Islamic Emirate denies reports of US airstrike in Helmand

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The Islamic Emirate denied the reports of a US airstrike on a weapons cache in the southern province of Helmand and said that Islamic Emirate’s forces gathered mines and detonated them near the Shorab area of the province.

Earlier, Modern Diplomacy reported that a US drone targeted a weapons cache of the Islamic Emirate on Wednesday in the Shorab area of Helmand.

The Modern Diplomacy cited some intelligence reports, suggesting that the Islamic Emirate’s “weapons depot at … Shurab Airport in Helmand province was destroyed in an airstrike.”

“A heavy explosion at a weapons depot at the Shurab military base took place on Wednesday last week, a source close to the Taliban said the blast was not caused by fire … it was an airstrike that targeted the depot …” Modern Diplomacy said.

But the Islamic Emirate denied the airstrike in Helmand.

“The rumors that indicate an airstrike was conducted in Shurab of Helmand and that it inflicted casualties, are not true. However, old mines were gathered from several parts of Helmand, and we detonated them,” said Inamullah Samangani, deputy spokesman for the Islamic Emirate.

Political analysts said that if the reports were true, the attack would be considered a violation of international law.

“If such an action happened, it is an obvious violation of Afghanistan’s sovereignty,” said Sayed Javad Hussein, a political analyst.

“The current US government is under pressure for leaving a mass amount of weapons in Afghanistan. This attack is not on the forces of the Taliban but on a weapons cache,” said Asadullah Nadeem, a political analyst.

This comes as the former US President Donald Trump suggested that US troops have left major weapons in Afghanistan and that they may go back to the country to recapture them.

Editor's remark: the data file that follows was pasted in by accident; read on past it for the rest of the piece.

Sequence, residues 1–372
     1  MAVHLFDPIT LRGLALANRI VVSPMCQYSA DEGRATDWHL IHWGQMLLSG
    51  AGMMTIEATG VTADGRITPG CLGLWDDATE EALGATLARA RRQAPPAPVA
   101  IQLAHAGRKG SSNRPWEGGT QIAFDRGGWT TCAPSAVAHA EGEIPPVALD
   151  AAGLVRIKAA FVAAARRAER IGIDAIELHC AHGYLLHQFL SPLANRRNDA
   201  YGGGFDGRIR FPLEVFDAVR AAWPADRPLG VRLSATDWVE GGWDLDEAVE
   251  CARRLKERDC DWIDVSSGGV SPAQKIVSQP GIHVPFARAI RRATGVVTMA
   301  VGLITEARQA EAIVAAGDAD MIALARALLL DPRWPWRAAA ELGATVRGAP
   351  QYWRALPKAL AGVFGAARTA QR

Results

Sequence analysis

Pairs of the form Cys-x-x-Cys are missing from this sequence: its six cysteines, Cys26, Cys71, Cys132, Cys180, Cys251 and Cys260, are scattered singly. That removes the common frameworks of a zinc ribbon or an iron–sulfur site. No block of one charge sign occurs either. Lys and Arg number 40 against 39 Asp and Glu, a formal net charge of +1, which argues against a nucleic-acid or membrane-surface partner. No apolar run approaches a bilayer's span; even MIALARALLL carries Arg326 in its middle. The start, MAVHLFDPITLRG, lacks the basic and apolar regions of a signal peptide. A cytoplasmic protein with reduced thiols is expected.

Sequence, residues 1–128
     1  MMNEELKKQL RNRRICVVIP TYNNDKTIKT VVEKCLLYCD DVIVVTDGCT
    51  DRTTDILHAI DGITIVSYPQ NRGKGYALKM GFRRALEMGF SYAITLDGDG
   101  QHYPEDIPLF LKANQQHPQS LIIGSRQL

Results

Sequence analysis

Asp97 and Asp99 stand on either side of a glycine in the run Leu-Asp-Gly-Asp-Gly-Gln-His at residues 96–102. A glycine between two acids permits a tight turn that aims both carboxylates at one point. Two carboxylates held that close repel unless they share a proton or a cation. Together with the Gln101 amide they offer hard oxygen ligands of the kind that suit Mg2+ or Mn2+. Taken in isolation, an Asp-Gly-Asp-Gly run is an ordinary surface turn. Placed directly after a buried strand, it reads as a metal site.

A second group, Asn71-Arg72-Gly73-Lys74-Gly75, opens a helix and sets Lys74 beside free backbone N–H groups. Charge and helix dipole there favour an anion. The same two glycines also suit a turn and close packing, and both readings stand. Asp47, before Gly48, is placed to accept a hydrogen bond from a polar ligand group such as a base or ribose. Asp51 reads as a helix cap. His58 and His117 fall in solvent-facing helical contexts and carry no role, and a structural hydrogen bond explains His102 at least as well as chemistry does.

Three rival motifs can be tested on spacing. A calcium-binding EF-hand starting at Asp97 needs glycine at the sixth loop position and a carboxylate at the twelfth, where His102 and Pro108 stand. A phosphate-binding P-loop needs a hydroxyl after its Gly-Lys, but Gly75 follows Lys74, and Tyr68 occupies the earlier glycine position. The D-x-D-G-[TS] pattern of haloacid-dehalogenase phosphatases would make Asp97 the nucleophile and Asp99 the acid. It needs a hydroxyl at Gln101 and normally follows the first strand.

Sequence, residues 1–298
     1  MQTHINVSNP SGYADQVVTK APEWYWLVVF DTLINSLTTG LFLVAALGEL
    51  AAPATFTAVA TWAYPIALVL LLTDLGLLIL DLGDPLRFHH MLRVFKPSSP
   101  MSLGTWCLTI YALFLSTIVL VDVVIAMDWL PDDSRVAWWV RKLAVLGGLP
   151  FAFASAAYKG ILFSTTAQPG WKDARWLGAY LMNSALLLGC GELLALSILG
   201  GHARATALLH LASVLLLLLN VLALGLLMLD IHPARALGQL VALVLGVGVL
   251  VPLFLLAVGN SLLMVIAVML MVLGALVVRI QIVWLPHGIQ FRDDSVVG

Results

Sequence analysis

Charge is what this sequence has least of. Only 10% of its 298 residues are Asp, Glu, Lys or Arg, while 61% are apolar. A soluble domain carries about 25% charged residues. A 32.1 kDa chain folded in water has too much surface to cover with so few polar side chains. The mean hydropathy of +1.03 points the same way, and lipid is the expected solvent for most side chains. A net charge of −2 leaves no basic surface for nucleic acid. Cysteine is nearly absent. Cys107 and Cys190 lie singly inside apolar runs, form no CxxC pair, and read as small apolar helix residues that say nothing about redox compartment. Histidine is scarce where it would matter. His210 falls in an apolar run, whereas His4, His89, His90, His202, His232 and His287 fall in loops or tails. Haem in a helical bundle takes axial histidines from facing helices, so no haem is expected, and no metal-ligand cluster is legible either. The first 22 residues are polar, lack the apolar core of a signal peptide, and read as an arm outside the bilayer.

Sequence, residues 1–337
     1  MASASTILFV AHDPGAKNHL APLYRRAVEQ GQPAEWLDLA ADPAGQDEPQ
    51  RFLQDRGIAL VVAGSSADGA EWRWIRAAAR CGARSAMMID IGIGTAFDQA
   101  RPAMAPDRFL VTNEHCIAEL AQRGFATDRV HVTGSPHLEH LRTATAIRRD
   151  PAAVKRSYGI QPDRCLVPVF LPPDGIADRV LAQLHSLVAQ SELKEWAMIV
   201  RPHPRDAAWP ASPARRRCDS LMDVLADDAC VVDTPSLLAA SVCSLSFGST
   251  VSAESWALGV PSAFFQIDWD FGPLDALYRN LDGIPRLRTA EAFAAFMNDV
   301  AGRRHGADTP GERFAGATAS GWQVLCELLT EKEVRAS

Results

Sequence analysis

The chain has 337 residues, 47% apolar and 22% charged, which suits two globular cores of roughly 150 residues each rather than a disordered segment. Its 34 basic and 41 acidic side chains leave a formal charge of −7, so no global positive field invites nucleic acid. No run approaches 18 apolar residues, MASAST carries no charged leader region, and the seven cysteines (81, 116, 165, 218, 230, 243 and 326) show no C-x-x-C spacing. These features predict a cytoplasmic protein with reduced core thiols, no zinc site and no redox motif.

The Pentagon discussed findings of an investigation into the August 29 airstrike in Kabul by the American military that killed 10 civilians.

US Air Force Inspector General Lt. Gen. Sami D. Said talked to reporters along with Pentagon press secretary John Kirby.

According to Said, the unmanned aerial vehicle operators and intelligence analysts had been monitoring multiple threat streams on that day, as three days before the drone strike a suicide bomber killed 13 US soldiers and many Afghan evacuees outside Kabul airport.

He said the drone operators and intelligence analysts believed the strike on the vehicle was a legitimate defensive action designed to prevent an attack and they did not realize children were in the area.

“You can imagine the stress on the force is high, and the risk to force is high and not appreciating what I’m about to say through that lens I think would be inappropriate,” he said.

“Individuals involved in the strike interviewed during this investigation truly believed at the time that they were targeting an imminent threat to US forces,” he said. “Regrettably, the interpretation or the correlation of the intelligence to what was being perceived at the time in real time was inaccurate.”

 

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